"A good American"

GOP presidential candidates respond -- or don't -- to Bush's decision on Libby.

By Julia Dahl - Tim Grieve

Published July 3, 2007 3:10PM (EDT)

Republican presidential candidates like to position themselves as law-and-order types. The next time one of them does, perhaps it would be handy to have on hand a list of what some of them are saying -- or not saying -- about George W. Bush's decision to commute the prison sentence handed down to Scooter Libby:

Rudy Giuliani: "After evaluating the facts, the president came to a reasonable decision, and I believe the decision was correct."

Mitt Romney: When Romney was asked at a presidential debate in May whether he thought Libby should be pardoned, he said that he didn't think "somebody who is running for president, let alone someone who is president, should make that decision until the judicial process is complete." Although Bush didn't pardon Libby Monday -- there will be time for that later -- he did commute his sentence while the legal process is still very much incomplete. Romney's reaction: "I believe the president's decision is a reasonable one, and I support it."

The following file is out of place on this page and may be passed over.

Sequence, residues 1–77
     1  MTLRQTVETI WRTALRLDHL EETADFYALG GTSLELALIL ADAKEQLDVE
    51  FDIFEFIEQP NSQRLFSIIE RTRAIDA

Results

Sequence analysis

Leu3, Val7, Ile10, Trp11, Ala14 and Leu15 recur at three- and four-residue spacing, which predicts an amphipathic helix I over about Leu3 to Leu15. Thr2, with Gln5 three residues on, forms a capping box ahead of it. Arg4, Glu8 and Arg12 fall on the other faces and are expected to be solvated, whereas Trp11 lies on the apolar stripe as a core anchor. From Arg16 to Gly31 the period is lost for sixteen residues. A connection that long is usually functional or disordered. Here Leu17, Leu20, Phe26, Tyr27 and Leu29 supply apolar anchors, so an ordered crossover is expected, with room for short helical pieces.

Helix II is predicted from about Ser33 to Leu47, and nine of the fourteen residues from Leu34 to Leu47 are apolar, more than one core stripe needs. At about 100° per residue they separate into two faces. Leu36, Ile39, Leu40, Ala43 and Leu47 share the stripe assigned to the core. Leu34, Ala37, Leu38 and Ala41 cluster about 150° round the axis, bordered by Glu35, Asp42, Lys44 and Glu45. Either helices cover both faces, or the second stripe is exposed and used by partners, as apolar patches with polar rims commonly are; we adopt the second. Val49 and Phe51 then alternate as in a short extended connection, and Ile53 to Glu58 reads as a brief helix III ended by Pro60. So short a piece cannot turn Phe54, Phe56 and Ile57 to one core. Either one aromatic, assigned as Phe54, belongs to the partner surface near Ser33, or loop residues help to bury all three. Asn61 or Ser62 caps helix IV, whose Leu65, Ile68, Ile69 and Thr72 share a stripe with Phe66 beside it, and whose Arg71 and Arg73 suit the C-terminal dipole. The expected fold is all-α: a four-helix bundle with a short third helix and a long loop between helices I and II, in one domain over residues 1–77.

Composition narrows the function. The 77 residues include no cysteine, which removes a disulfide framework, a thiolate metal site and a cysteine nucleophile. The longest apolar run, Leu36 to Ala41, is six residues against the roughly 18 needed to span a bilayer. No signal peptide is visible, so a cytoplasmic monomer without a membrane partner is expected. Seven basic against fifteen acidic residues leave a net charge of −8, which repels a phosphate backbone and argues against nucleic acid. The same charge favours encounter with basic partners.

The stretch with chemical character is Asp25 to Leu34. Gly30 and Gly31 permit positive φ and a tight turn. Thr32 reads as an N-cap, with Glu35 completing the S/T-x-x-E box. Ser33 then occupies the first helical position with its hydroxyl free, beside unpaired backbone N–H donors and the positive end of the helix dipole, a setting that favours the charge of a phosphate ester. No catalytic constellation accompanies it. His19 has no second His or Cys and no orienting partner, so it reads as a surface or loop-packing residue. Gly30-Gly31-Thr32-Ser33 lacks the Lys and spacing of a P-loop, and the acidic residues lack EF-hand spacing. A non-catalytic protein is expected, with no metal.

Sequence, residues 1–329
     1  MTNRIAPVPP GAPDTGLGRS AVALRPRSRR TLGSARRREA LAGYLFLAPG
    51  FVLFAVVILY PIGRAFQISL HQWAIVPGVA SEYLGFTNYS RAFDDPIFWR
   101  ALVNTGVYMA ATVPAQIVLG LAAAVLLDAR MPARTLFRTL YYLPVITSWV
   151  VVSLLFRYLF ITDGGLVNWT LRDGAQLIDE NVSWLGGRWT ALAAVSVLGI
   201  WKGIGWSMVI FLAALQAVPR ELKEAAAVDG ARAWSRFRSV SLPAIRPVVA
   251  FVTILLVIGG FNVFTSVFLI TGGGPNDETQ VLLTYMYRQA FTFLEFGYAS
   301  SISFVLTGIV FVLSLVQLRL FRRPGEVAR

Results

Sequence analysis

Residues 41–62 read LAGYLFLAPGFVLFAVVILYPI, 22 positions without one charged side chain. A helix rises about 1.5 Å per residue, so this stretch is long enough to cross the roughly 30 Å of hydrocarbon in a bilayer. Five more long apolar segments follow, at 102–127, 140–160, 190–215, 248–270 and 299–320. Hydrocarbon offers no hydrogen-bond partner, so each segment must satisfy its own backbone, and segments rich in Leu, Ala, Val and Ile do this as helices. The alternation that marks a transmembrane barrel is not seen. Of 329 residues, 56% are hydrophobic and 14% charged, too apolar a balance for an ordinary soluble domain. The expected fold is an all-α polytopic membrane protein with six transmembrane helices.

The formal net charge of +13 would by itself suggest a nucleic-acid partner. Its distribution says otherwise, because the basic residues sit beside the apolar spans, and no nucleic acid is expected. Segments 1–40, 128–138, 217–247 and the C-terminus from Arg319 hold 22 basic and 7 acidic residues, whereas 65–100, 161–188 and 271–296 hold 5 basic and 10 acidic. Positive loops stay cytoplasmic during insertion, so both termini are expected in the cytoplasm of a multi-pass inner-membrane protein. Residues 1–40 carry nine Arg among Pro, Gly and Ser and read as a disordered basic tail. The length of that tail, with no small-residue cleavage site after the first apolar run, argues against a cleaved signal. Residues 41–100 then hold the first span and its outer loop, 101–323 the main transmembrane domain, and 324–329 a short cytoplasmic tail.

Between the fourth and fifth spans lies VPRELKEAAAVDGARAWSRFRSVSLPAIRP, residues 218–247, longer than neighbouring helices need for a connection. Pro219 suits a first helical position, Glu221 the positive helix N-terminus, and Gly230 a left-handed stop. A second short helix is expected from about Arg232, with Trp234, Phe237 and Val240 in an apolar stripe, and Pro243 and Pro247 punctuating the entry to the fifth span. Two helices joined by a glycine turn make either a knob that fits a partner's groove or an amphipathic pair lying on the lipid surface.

Fred Thompson: "I am very happy for Scooter Libby. I know that this is a great relief to him, his wife and children. While for a long time I have urged a pardon for Scooter, I respect the president's decision. This will allow a good American, who has done a lot for his country, to resume his life."

John McCain: In an interview last month, McCain said he couldn't say what he'd do if the question of a pardon for Libby came to him as president. "If it looked like that he was going to prison," McCain explained, "I would certainly examine the case, but I cannot say that I would do." Asked Monday whether McCain had any comment on Bush's decision to commute Libby's sentence, a McCain spokesman said: "Nope."

Julia Dahl

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Tim Grieve

Tim Grieve is a senior writer and the author of Salon's War Room blog.

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John Mccain R-ariz. Rudy Giuliani